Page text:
Supporters of Gen. Abdel-Fattah el-Sissi burn a poster with Bassem Youssef's photo bearing a caption that reads, "Not Egypt, you are degrading to the media, fifth column."Amr Nabil/AP
Egyptian comedian Bassem Youssef is back on the airwaves. Youssef’s popular show, “Al-Bernameg” — Arabic for “The Program” — went off the air in October at the beginning of its third season after poking fun at Egypt’s army chief and de facto ruler, Gen. Abdel-Fattah el-Sissi.
Since the July military coup that ousted Mohamed Morsi, Egypt has grown exceedingly hostile to freedom of speech and the press. As a result, many ordinary Egyptians are now gripped by fear and preoccupied with security, and Egypt’s independent journalists are besieged.
Last week the New York–based press freedom group the Committee to Protect Journalists (CPJ), which honored Youssef in 2012 with a press freedom award, declared Egypt the third-deadliest country for the press. At least six journalists were killed in 2013. The CPJ documented more than 70 press freedom violations in the first three months after Morsi was deposed. The military-backed government has since detained 44 journalists without charge, put several bloggers in jail and accused a couple of academics of treason. Most of these individuals, including three Al Jazeera journalists, are locked up simply for not toeing the regime’s line.
Egypt’s increasingly hostile media environment is no place for truth tellers or funny men. Youssef purports to be both. Despite the restrictions on freedom of expression, some fans are rejoicing at the comedian’s return. But they are overly optimistic if they think the old Youssef is back.
Egypt’s Jon Stewart
Youssef, 39, sometimes dubbed Egypt’s Jon Stewart, made his debut on YouTube in March 2011 in the wake of the revolution that ended Hosni Mubarak’s 30-year reign. Youssef moved his Internet-based show to the politically liberal ONTV network in August 2011, where he continued to skewer Morsi and the Muslim Brotherhood’s inept rule.
In November 2012, in search of a larger audience, Youssef took his show to the Egyptian news and entertainment satellite channel Capital Broadcast Center (CBC), which is owned by allies of the Mubarak regime. In one memorable episode last April, Youssef spoofed a famous Egyptian song, “My Beloved Homeland,” to make fun of Qatar, mocking the oil-rich Gulf emirate for its political support of the Muslim Brotherhood and economic aid to Egypt under Morsi.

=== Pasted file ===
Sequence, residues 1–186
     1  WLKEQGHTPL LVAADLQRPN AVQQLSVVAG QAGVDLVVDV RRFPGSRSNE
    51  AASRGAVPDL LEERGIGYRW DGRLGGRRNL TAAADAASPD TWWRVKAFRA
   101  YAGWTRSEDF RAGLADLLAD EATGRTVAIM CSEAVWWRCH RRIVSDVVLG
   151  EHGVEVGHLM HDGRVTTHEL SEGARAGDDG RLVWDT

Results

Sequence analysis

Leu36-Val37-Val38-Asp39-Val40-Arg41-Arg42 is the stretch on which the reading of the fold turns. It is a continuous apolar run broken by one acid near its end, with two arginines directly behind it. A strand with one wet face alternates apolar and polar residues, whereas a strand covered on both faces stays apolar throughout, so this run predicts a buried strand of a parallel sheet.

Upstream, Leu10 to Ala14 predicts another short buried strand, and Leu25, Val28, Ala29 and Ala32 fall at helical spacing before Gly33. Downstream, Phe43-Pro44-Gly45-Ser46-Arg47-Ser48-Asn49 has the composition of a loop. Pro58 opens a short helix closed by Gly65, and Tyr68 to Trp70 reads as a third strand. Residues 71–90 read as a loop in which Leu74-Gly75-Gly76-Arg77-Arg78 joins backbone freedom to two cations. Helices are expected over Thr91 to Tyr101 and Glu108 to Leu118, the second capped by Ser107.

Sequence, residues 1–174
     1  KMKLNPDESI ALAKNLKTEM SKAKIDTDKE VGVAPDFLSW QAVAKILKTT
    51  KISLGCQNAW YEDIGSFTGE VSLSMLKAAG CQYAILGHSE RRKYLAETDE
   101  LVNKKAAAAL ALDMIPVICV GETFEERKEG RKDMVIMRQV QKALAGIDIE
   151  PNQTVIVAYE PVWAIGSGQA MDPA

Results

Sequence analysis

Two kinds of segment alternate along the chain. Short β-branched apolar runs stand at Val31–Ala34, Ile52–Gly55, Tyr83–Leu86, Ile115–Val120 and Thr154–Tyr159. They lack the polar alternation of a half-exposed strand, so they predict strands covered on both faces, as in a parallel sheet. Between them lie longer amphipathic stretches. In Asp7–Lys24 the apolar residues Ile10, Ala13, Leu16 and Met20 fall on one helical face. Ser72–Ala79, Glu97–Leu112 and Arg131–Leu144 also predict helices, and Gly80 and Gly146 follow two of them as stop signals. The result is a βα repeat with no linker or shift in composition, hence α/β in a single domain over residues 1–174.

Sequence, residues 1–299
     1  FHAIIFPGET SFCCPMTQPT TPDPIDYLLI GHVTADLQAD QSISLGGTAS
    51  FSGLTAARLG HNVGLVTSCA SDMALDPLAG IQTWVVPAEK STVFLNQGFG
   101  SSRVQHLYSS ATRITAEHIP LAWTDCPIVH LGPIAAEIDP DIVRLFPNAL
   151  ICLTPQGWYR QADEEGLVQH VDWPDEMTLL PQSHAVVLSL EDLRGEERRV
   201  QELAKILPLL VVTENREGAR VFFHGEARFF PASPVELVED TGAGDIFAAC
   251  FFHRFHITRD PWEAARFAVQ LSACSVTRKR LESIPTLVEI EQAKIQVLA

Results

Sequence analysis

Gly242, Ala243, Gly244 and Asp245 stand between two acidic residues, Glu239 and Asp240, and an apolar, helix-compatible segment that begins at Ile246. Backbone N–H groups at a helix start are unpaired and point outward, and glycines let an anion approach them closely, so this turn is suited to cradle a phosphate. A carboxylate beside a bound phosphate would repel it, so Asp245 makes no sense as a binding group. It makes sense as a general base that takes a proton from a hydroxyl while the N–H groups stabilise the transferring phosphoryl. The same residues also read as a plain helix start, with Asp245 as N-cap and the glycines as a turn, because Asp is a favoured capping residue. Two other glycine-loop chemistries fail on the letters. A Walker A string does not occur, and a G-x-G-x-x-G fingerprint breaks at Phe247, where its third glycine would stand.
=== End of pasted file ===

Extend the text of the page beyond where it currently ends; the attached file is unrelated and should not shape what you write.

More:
Youssef ran afoul of his CBC bosses when he satirized Sissi, who led the coup against Morsi, in the third-season premiere of “Al-Bernameg.” The channel decided to drop the show last October.
The new Youssef, who returned on Feb. 7, 2014, after a four-month absence, appears to be diminished. For one, his audience is much smaller. On ONTV “Al-Bernameg” garnered 8 percent of Egyptian television viewers. CBC boosted the show’s Egyptian viewership to about 30 percent in 2013.
Youssef’s new perch is MBC Masr, a Saudi-owned channel based in Cairo that focuses on Egyptian affairs. According to Jordan-based consultancy Arab Advisors Group, MBC Masr had under 1 percent of viewers last year.
Moreover, MBC Masr is part of the MBC Group, a Dubai-based media conglomerate, owned by a brother-in-law of the late King Fahd of Saudi Arabia. This should give us pause even if we assume that entertainment programs enjoy some editorial freedom from media owners. MBC is known for bringing commercially successful entertainment programs to a pan-Arab audience, which would be good if Youssef wants a bigger audience. But its insistence on avoiding controversy at all costs is likely to constrain him.